Description of impactFocusing on the lives and works of Dickens and Tennyson, this case study demonstrates how literary researchers at the University of Portsmouth have promoted public re-engagement with Portsmouth and the Isle of Wight’s literary heritage. Their research on questions of celebrity and social marginality has been adapted and exploited to interpret and disseminate the region’s cultural capital through public events, websites, and publications. Encouraging a fresh look at Dickens, Tennyson, and Victorian life, the impact of this research has increased public understanding of Victorian issues, and prompted local stakeholders to re-evaluate existing knowledge, policy and commercial practice.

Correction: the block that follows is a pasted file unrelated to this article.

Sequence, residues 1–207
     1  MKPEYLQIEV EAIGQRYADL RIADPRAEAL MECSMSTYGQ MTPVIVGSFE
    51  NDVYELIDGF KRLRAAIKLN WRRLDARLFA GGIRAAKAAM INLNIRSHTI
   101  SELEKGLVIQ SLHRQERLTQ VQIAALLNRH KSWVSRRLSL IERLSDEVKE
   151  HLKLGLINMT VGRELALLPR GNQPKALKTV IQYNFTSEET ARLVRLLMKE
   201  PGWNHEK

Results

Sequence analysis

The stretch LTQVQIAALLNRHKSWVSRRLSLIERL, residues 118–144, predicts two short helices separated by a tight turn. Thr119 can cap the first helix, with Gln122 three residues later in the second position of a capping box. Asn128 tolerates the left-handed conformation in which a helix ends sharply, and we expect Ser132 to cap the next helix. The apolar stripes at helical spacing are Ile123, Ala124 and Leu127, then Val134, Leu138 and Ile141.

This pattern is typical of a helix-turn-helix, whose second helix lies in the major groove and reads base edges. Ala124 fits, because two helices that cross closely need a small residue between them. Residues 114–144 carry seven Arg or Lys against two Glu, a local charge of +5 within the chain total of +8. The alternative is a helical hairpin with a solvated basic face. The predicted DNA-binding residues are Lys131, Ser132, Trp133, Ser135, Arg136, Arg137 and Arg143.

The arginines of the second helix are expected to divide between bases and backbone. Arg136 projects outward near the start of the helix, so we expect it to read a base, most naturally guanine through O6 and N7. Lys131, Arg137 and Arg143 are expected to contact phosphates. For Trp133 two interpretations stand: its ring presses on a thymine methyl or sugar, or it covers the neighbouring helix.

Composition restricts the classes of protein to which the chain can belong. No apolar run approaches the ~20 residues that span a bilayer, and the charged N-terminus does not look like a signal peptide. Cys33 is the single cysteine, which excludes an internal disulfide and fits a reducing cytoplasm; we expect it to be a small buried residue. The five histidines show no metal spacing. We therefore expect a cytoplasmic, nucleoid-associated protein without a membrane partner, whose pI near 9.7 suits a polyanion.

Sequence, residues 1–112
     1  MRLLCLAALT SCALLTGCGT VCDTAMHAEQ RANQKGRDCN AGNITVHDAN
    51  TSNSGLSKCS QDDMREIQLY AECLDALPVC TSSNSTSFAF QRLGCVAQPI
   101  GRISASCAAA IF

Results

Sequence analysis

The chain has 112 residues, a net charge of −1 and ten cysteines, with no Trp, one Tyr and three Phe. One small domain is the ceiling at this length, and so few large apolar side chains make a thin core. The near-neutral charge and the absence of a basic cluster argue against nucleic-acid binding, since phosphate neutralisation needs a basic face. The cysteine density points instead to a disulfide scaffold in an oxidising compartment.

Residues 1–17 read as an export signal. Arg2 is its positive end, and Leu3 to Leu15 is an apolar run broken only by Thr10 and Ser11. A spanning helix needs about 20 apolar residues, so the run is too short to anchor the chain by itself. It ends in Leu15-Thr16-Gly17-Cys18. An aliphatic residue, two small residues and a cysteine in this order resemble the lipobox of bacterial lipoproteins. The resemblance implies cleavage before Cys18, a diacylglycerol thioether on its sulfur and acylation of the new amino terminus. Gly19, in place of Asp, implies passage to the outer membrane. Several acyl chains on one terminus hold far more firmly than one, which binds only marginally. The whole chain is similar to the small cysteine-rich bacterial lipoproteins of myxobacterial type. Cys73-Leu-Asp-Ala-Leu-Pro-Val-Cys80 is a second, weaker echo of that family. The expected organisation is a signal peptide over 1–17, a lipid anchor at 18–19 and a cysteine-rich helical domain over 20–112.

Who is affectedGeneral public; Museums; Cultural organisations.
NarrativeThis research has been instrumental in encouraging the region’s re-engagement with its Victorian Literary Heritage and has enhanced the area’s touristic value. Publicly available resources have been vital in raising awareness of the Isle of Wight’s cultural significance, and in sustaining public involvement. In addition their research has influenced the Julia Margaret Cameron Trust’s activities, prompting them to expand the focus of Dimbola Lodge Museum’s events, helping them to exploit the commercial value of Tennyson’s celebrity circle, and to adapt its significance for visitors.
|Category of impact||Cultural & Creative Impacts|